When the Japanese war began, Taylor was assistant district officer, Aitape, on the Sepik coast. He enlisted in the AIF on 14 February 1942, and in August was appointed an acting lieutenant, Australian New Guinea Administrative Unit. In March he was sent to Angoram to replace assistant district officer George Ellis. Ellis refused to hand over and on 20 March, with 48 policemen, ambushed Taylor and his police. Taylor was shot in the groin and retreated downriver. Ellis shot himself. When the Japanese came Taylor stayed in the back country, ambushing patrols and garrisons, rescuing Allied airmen, reporting troop and plane movements, and taking people inland to deny the Japanese labour. In September 1943 he went to Australia on a month’s leave. At a senior officers’ conference on New Guinea’s future in February 1944, he advocated the advancement of local people, thereby making enemies among Europeans. In March he returned to the Highlands as district officer, Bena Bena.

Taylor served with ANGAU until November 1944 when he was seconded to a committee to recommend on war compensation for local people. Promoted to major on 5 April 1945, he was attached to the Directorate of Research and Civil Affairs from June to November 1945. In March 1946 he was placed on the Reserve of Officers. He had been appointed acting assistant-director, labour, for the newly unified Territory of Papua-New Guinea, second to the administrator, but on 28 September dropped salary to become district officer, Highlands. He was, he said, ‘the last emperor of the Middle Kingdom’. In 1947-48 he was suspended for two months then severely reprimanded for not reporting shootings by a patrol under a junior officer. He resigned on 19 October 1949, still an assistant district officer, married Yerima Manamp of Nangamp in the Waghi valley, and settled west of Goroka. He grew peanuts, vegetables and coffee, washed gold at Porgera, and served as president (1954-56) of the Highlands Farmers and Settlers Association and a member of both the Eastern and Western Highlands land boards. In 1977 he was appointed OBE by the government of Papua New Guinea. He died at home on 28 June 1987, and was buried at Kefamo Catholic Mission. His wife, two daughters and an adopted son survived him.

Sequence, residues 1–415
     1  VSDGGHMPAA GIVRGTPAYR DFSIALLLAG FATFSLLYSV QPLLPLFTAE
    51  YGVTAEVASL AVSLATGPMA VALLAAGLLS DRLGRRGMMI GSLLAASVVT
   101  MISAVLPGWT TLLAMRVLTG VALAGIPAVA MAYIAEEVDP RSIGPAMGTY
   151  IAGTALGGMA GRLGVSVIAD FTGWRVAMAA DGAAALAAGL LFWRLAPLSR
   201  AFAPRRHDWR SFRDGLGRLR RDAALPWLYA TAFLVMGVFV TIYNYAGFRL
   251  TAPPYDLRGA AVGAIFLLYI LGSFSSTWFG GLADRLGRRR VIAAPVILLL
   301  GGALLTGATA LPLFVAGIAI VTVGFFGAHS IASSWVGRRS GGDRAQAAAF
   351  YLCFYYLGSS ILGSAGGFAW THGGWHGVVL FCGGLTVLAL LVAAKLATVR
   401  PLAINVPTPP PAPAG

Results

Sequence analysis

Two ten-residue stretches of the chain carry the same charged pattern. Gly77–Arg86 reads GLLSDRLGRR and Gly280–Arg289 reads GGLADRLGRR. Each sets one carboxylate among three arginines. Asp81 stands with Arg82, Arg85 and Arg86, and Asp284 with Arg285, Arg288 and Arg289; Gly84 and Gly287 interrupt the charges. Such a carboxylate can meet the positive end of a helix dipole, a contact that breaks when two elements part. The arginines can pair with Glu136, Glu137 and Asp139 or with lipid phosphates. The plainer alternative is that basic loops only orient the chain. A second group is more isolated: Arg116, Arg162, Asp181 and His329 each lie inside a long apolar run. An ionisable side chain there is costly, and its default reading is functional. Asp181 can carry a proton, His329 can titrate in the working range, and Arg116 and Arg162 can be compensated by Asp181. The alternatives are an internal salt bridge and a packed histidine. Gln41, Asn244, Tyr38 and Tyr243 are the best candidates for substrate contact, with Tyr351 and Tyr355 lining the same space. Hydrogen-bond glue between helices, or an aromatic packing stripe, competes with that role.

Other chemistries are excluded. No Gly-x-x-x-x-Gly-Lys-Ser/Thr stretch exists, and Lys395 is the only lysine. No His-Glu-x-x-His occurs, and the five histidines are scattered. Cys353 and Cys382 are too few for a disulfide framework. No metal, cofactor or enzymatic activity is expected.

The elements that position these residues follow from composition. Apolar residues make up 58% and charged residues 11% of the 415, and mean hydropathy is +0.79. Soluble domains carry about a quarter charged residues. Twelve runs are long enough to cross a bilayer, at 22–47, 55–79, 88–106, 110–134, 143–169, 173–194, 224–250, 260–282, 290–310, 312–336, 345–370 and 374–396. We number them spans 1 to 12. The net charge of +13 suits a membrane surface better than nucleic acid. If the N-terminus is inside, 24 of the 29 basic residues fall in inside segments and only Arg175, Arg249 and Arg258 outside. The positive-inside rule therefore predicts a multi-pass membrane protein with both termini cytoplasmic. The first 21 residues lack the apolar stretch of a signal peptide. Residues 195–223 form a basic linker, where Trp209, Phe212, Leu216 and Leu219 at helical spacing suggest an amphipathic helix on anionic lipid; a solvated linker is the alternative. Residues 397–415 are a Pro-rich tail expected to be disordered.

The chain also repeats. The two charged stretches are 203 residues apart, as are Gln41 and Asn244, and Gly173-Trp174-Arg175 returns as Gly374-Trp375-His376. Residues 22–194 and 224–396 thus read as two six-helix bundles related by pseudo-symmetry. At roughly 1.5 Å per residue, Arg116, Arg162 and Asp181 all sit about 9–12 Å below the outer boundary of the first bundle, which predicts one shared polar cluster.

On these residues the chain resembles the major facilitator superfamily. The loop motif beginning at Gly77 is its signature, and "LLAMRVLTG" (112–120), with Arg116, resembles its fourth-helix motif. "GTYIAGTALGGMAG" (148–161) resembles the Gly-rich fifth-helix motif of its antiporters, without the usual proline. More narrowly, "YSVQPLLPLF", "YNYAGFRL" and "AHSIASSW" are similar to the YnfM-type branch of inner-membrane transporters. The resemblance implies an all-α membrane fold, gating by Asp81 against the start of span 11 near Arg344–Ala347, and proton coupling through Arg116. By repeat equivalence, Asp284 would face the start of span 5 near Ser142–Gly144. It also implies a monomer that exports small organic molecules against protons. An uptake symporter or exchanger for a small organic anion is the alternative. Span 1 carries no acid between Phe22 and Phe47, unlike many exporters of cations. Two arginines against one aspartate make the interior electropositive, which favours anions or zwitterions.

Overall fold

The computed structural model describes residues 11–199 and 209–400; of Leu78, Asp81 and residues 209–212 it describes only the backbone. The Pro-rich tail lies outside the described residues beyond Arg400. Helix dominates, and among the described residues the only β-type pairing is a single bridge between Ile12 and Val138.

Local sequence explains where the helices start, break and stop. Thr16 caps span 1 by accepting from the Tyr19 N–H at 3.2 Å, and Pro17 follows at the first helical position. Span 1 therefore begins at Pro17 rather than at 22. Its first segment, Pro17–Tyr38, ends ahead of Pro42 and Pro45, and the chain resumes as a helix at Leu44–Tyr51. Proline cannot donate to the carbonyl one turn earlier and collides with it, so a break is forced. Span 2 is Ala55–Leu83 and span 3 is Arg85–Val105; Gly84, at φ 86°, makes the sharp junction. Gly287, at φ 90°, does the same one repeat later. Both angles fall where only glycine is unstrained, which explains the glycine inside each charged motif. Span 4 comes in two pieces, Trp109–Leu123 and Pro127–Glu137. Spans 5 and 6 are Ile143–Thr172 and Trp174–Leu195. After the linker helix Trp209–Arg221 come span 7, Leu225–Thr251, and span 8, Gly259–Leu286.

Jim’s speech and writing fused pragmatism and colourful literary flourishes. Strong, tough, brave, intelligent and dignified, he never lost sight of his vision for New Guineans. Where others saw savages he saw future citizens of the world. He was generations ahead of his time.

Select Bibliography

  • B. Gammage, The Sky Travellers (1998) and for bib
  • Jim Taylor papers (National Library of Australia).

Related Entries in NCB Sites

Citation details

Bill Gammage, 'Taylor, James Lindsay (1901–1987)', Australian Dictionary of Biography, National Centre of Biography, Australian National University,, published first in hardcopy 2012, accessed online 24 June 2024.

This article was published in hardcopy in Australian Dictionary of Biography, Volume 18, (Melbourne University Press), 2012

View the front pages for Volume 18